Far-Right Protests Sziget

About 30 members of one of the country’s far-right organisations protested at the entrance to Hungary’s Sziget Festival Aug. 12.
The 64 Counties Youth Movement believes the internationally known festival has become too international.

Eleven years ago the group set up its own Magyar Sziget at Verÿce, which annually pulls about 7,000 people from nationalist organizations all over Europe.

The protest itself appeared to be more of a publicity stunt than a genuine attempt to disrupt the real Sziget Festival, where many of the 50,000 or so music fans would have been unaware it was even happening.

Protesters blocked the pedestrian footbridge fans use to access the festival’s island site from the Buda side of Budapest, but fizzled out about an hour later with the arrest of Hungarian Member of Parliament Zagyva Gyula.

Gyula, a politician known for his extreme right-wing views, didn’t spend long in custody. In Hungary, as in many European countries, the police cannot pursue legal action against an MP without parliamentary approval.

The 64 Counties Youth Movement originally had permission to hold its protests from Aug. 1 to Aug. 20, but that was revoked when none of its members turned up and police resources were being wasted. The reason for the protest was given as “high gas prices.”

Sziget managing director Gábor Takács told Pollstar that the movement’s membership includes some of the city’s most heavyweight lawyers, who may have worked behind the scenes to get the permit restored.

“I think they do it to raise money,” he said, pointing out that the movement has previously sued the police for the way they’ve reacted in certain situations.

The morning after the protest, Takács held a press conference to explain the festival’s point of view to international journalists.
Sziget, which is a European festival as much as a Hungarian one and this year had 59 acts from 43 countries, has previously had run-ins with the far-right.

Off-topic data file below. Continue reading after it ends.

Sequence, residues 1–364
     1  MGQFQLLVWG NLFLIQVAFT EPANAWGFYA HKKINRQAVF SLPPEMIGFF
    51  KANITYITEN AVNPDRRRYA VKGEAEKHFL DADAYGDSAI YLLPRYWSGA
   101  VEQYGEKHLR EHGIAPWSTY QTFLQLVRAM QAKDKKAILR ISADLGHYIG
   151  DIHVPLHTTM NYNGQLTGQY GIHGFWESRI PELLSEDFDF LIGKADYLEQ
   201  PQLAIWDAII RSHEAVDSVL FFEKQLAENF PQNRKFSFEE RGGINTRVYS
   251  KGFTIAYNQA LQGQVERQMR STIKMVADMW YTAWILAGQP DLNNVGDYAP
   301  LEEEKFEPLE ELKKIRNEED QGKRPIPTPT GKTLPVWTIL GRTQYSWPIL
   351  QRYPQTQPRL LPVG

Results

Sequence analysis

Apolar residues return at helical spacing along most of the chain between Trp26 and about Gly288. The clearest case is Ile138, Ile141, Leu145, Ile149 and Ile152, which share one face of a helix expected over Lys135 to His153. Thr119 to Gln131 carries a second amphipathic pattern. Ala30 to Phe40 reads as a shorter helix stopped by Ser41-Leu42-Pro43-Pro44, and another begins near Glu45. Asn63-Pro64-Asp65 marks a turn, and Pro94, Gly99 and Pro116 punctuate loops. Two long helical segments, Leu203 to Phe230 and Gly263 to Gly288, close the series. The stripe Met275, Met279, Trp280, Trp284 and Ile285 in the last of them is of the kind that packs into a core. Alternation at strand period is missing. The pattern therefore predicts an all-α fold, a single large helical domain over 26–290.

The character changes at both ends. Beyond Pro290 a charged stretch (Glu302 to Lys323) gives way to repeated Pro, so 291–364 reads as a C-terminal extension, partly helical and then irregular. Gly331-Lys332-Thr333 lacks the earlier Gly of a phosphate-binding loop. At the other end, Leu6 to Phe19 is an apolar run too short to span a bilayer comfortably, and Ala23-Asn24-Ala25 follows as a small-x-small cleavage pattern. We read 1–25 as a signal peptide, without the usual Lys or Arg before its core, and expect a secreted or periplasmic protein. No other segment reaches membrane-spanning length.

Earlier in the year it had to negotiate with Budapest Mayor István Tarlós over the rent for the 108-hectare island site.

Tarlós, a right-wing politician who spent 10 years as mayor of the district where Sziget is held, wanted to impose a fee of euro 9 million ($12.2 million). It was nearly equal to the festival’s entire budget.

The two sides reached a compromise at around 2 percent of that at euro 180,000 ($244,000), but the festival also has to guarantee the sale of euro 360,000 ($488,000) worth of special tourist passes for the city of Budapest.

Takács reckons the festival has sold about 80 percent of that quota and will need to find close to $100,000 to top up the pot.
Although official attendance figures for the Aug. 10-15 gathering haven’t come through, Takács says it’s less than the 382,000 people who attended six days in 2010.

There will certainly be a drop in the number of Hungarian visitors, as many will have taken a financial hit because the loans they’ve used to buy their homes and cars have to be repaid in Swiss Francs, a currency that’s strengthening to record values.

The Swiss cabinet met Aug. 8 to discuss the strength of the currency after the Swiss National Bank cut interest rates in an attempt to curb its advance in relation to other currencies.

The acts helping Sziget remain one of Europe’s most successful multi-national and multi-cultural events included Prince, The Prodigy, 30 Seconds To Mars, Judas Priest, Pulp, White Lies, Kaiser Chiefs, Gogol Bordello, Deftones, and Kate Nash.